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From Bullets to Ballots: The Emergence of Popular Support for Hugo Chávez

From Bullets to Ballots: The Emergence of Popular Support for Hugo Chávez <jats:title>Abstract</jats:title><jats:p>The election of Hugo Chávez as Venezuela's president in 1998, less than seven years after his unsuccessful military coup attempt, marked a pivotal moment in one of the most dramatic political transformations in the nation's history. This article explores public reaction to Chávez's shift, especially the question of why Venezuelans would entrust democratic governance to a man who had once attempted to topple the nation's democratic regime. Two hypotheses are proposed: one of converted militancy and one of democratic ambivalence. Analysis of survey data from 1995 and 1998 demonstrates that Chávez's initial base of support drew heavily on Venezuelans who were ambivalent or hostile toward democracy. By 1998, and consistent with the converted militant hypothesis, Chávez won support from a substantial portion of citizens who valued democracy. Yet democratic ambivalence also contributed to Chávez's winning electoral coalition.</jats:p> http://www.deepdyve.com/assets/images/DeepDyve-Logo-lg.png Latin American Politics and Society CrossRef

From Bullets to Ballots: The Emergence of Popular Support for Hugo Chávez

Latin American Politics and Society , Volume 44 (1): 69-90 – Jan 1, 2002

From Bullets to Ballots: The Emergence of Popular Support for Hugo Chávez


Abstract

<jats:title>Abstract</jats:title><jats:p>The election of Hugo Chávez as Venezuela's president in 1998, less than seven years after his unsuccessful military coup attempt, marked a pivotal moment in one of the most dramatic political transformations in the nation's history. This article explores public reaction to Chávez's shift, especially the question of why Venezuelans would entrust democratic governance to a man who had once attempted to topple the nation's democratic regime. Two hypotheses are proposed: one of converted militancy and one of democratic ambivalence. Analysis of survey data from 1995 and 1998 demonstrates that Chávez's initial base of support drew heavily on Venezuelans who were ambivalent or hostile toward democracy. By 1998, and consistent with the converted militant hypothesis, Chávez won support from a substantial portion of citizens who valued democracy. Yet democratic ambivalence also contributed to Chávez's winning electoral coalition.</jats:p>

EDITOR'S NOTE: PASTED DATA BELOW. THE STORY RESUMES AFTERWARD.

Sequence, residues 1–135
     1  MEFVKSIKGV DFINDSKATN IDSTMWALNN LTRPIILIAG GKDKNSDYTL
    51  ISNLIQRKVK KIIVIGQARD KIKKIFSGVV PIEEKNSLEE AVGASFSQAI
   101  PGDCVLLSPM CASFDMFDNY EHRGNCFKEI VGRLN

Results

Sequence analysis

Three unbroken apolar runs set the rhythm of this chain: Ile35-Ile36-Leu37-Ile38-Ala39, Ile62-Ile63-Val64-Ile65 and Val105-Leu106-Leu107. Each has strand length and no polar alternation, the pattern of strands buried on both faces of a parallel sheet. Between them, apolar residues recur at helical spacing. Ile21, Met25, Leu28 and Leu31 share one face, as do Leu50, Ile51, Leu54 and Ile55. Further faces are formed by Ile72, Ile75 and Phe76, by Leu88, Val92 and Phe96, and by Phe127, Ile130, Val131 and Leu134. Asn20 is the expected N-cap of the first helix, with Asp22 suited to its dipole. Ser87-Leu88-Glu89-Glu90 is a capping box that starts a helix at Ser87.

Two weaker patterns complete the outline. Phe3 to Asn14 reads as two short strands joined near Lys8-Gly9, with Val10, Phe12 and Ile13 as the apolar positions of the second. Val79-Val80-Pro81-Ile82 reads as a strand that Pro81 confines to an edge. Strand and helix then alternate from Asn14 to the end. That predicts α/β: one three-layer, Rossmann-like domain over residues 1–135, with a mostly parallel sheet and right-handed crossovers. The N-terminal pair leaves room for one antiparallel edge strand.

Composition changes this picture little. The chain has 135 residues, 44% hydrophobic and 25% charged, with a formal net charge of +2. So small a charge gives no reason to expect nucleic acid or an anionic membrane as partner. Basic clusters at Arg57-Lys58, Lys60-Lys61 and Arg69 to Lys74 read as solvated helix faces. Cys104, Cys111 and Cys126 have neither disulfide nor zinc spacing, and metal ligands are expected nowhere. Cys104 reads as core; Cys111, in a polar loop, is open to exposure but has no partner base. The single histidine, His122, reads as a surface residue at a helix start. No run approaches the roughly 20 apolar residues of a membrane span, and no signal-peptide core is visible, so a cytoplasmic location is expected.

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References (24)

Publisher
CrossRef
ISSN
1531-426X
DOI
10.1111/j.1548-2456.2002.tb00197.x
Publisher site
See Article on Publisher Site

Abstract

<jats:title>Abstract</jats:title><jats:p>The election of Hugo Chávez as Venezuela's president in 1998, less than seven years after his unsuccessful military coup attempt, marked a pivotal moment in one of the most dramatic political transformations in the nation's history. This article explores public reaction to Chávez's shift, especially the question of why Venezuelans would entrust democratic governance to a man who had once attempted to topple the nation's democratic regime. Two hypotheses are proposed: one of converted militancy and one of democratic ambivalence. Analysis of survey data from 1995 and 1998 demonstrates that Chávez's initial base of support drew heavily on Venezuelans who were ambivalent or hostile toward democracy. By 1998, and consistent with the converted militant hypothesis, Chávez won support from a substantial portion of citizens who valued democracy. Yet democratic ambivalence also contributed to Chávez's winning electoral coalition.</jats:p>

Journal

Latin American Politics and SocietyCrossRef

Published: Jan 1, 2002

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